The nurse was still standing there watching me melt down, and she asked why I was crying -- was it because I was worried about what could happen during surgery? I'm not sure I gave her an answer because at that moment I just wanted her to go away. Obviously she couldn't possibly understand. She's a labor and delivery nurse, so this is no big deal to her. And by the way, no, I completely trusted my doctor. There are just so many negatives to having a c-section, for this baby, me, and my future babies. Jeremy told me that the baby's heart rate had dropped really low and he probably needed to come on out. Later I learned that it had dipped into the 50s and stayed there for minutes. Not good.

Within just a few minutes, the anesthesiologist had come in to talk to me, then they brought the bed in, and let me use the bathroom. I had stopped crying and started to realize that I was going to get to meet my baby soon. I texted my parents and sisters that "I'm about to have a c-section," just before I was wheeled down the short hall to the OR. Thankfully they let J, being a doctor, suit up and come in for almost the entire thing. I sat up and they leaned me over for the spinal, which really didn't hurt. I was mostly worried that I would accidentally move, and those horror stories of paralysis would be realized. Once I was all hooked up and laid back down, I quickly started to feel numb. Part of me was thankful for this, but wen my leg suddenly appeared, bent up in my view, I was a little surprised. It is such a surreal feeling. Everyone in the OR seemed excited and was asking questions about the baby, when I started to feel like I was falling in a hole. I told Jeremy, "I don't feel so good." I know that feeling, since I've passed out before, and it was imminent. After a couple of pleads with a weak little squeaky voice, my doctor noticed and called it to the anesthesiologist's attention. Apparently my blood pressure had dropped to like 70/40, or something close to death. Less than a minute of IV fluid later, I was back to normal.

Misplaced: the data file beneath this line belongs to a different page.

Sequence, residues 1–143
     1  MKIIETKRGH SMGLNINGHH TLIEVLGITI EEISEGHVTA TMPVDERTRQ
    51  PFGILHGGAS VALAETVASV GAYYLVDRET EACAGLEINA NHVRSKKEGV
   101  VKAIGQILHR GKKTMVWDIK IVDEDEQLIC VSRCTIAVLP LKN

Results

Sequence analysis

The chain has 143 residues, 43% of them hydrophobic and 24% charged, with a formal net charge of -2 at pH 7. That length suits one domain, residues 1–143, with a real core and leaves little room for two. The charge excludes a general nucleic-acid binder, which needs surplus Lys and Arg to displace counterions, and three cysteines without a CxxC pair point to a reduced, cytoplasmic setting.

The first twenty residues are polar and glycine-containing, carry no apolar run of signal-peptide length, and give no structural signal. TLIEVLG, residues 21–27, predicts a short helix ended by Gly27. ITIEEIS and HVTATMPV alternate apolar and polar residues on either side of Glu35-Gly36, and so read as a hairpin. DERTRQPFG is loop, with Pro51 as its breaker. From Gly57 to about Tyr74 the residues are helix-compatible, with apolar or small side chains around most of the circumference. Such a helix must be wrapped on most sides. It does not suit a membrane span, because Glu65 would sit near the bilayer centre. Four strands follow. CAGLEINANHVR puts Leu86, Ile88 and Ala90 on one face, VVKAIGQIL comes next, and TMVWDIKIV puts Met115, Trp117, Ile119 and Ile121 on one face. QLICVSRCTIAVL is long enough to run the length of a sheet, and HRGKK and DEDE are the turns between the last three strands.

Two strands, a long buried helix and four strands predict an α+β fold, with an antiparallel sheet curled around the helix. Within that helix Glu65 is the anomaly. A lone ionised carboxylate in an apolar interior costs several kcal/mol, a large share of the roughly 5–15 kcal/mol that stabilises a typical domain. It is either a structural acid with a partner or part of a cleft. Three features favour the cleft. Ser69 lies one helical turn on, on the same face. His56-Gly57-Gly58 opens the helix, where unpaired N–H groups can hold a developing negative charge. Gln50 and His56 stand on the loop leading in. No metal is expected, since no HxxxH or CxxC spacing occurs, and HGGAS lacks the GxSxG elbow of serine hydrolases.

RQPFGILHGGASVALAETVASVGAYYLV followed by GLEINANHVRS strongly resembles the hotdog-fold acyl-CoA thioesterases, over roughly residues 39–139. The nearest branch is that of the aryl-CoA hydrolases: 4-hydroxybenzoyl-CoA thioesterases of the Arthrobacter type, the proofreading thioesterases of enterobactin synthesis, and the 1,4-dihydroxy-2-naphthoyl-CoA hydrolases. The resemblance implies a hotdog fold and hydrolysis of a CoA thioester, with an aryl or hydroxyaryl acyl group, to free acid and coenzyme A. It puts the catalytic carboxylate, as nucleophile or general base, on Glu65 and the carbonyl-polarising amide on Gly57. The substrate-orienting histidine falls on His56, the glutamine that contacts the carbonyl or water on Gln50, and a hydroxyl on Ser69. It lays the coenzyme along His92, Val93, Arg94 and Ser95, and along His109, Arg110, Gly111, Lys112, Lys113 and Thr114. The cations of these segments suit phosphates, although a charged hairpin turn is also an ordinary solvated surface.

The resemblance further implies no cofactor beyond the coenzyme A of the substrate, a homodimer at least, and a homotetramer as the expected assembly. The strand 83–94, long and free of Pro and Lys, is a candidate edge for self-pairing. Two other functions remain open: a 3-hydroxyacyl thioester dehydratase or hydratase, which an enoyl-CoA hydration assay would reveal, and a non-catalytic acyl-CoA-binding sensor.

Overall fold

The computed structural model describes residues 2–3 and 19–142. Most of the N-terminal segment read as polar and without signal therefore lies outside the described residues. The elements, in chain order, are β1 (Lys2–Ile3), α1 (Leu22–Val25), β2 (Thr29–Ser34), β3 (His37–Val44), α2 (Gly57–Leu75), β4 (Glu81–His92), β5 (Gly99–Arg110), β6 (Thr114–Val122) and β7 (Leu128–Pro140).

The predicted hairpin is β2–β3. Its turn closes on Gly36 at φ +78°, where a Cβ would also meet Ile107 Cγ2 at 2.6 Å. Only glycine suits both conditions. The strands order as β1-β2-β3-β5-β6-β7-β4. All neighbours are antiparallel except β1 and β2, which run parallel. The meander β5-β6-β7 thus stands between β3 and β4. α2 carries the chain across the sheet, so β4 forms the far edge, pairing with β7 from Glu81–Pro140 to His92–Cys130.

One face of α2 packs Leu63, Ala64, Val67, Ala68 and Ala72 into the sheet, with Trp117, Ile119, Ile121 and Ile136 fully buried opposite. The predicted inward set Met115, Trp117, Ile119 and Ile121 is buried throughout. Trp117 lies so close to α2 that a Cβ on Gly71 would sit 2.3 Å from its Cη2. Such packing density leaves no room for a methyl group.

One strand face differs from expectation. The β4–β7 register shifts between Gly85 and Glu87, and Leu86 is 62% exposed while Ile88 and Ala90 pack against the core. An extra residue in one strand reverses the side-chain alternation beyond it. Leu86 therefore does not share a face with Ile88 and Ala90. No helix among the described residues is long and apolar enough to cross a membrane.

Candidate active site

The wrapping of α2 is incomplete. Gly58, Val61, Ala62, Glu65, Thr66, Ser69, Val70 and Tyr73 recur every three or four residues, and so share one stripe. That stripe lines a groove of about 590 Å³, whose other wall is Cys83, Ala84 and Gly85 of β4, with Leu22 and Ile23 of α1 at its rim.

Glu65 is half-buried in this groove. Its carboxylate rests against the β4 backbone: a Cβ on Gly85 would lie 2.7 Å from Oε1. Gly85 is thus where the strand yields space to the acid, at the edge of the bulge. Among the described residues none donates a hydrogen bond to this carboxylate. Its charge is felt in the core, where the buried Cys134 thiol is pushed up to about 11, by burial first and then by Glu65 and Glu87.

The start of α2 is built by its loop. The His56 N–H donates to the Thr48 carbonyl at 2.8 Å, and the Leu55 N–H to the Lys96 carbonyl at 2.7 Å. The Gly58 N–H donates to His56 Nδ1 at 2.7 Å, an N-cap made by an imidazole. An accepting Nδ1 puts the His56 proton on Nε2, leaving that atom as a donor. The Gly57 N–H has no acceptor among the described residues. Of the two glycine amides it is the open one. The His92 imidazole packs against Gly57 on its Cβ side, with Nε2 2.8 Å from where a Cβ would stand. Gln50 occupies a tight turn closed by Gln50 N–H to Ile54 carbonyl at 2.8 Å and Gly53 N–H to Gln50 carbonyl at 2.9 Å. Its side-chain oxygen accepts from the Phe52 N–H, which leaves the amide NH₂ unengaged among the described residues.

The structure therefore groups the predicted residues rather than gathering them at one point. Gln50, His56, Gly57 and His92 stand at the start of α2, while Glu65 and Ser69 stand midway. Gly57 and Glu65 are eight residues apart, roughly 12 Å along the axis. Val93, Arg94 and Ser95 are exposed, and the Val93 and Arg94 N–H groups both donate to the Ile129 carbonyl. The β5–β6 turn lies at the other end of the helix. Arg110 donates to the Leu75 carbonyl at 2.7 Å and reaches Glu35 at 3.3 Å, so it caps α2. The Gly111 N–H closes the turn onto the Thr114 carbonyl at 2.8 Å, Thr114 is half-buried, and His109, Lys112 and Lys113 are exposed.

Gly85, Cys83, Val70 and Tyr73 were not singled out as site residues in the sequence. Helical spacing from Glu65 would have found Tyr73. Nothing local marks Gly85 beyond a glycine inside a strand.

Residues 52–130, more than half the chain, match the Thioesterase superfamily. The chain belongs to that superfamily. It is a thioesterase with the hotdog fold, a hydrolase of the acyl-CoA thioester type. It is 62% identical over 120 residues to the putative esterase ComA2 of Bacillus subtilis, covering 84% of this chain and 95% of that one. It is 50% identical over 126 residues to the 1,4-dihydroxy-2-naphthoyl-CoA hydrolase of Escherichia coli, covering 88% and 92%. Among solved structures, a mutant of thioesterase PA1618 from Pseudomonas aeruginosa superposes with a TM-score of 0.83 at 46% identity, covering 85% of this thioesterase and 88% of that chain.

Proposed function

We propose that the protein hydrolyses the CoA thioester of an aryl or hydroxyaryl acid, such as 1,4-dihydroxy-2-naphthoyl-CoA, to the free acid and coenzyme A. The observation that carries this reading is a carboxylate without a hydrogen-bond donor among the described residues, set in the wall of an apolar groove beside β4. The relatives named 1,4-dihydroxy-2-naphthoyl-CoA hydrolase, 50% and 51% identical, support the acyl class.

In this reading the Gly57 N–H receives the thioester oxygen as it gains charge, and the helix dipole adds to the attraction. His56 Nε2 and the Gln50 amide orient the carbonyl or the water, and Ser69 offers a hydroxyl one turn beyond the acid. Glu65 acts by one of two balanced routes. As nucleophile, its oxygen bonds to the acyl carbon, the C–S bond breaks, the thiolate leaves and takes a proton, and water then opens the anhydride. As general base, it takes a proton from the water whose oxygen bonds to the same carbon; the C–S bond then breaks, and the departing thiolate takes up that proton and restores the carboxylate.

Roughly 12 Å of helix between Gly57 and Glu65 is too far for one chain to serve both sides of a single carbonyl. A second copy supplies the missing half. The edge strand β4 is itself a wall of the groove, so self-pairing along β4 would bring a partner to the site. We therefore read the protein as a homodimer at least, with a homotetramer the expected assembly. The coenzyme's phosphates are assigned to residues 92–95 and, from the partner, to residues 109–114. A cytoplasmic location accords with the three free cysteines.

The curtain came up. I smelled cauterized skin. MY cauterized skin. I kept asking Jeremy what was going on. Without giving specifics, he told me it would be a little longer. Part of me wanted to see what was going on, but like I said, I've passed out before, so the other part didn't. More pictures of my innards would've been entertaining to me, but alas. I had heard I'd feel lots of pressure during the cutting and pulling baby out, but I felt nothing. The minutes dragged on, and finally J got out the camera phone. The doctor found a baby butt and heel, and out he came backwards.

They didn't tell me right away, or maybe they did and I didn't hear, but the cord was around his neck twice. No wonder the poor baby couldn't move to the vertex position. He was stuck with only about 6 inches of slack. I held my breath until I heard his cry. He was taken over to the warming? cleaning? something table, where I could actually see his pink little body and his bright blond hair. I was craning my neck to get every glimpse possible, and finally after an eternity, Jeremy brought him over to me. He was vocal right from the start; he gave me a little speech as soon as he met me. I'm not sure if it was a complaint or just a story telling me what he had been through. But nice to meet you too, little one! My arms were strapped down, so all I could do was kiss his tiny little face.

It's a grainy picture, but exactly how I remember him when I first met him

They said he looked long and skinny, and while I was being sewn back up, they weighed and measured him at a tiny 6lbs, 10oz, and 19 inches long. He was perfectly pink in no time; it didn't bother him that he was at 7000ft of elevation. Something was bothering me, though. I thought it was from craning my neck, but apparently an air bubble got up in my abdominal cavity and caused a terrible pain in my right trapezius muscle. And that was all the pain I had during delivery (afterward was a whole different story).

The doctor, who I am so grateful for, for her knowledge and skill, spent a while actually suturing me, instead of using huge metal staples, as I found is the norm for cesarean closure. Jeremy was following the baby to get the round of tests and whatnot, and I finally got to join them in the recovery room. I was ready to actually hold my little baby for the first time! I got my hands on him and tried immediately to nurse, which proved to be very difficult while lying completely flat in bed. I kept sneaking my bed up just a touch until Jeremy said I would be ok to sit up. For some reason I was dying for a coke. Nothing else, just a coke. I hadn't had anything to eat or drink --ok, I'd sneaked some water before the version -- in probably 15 hours. They don't make you pass gas before eating anymore, thank goodness.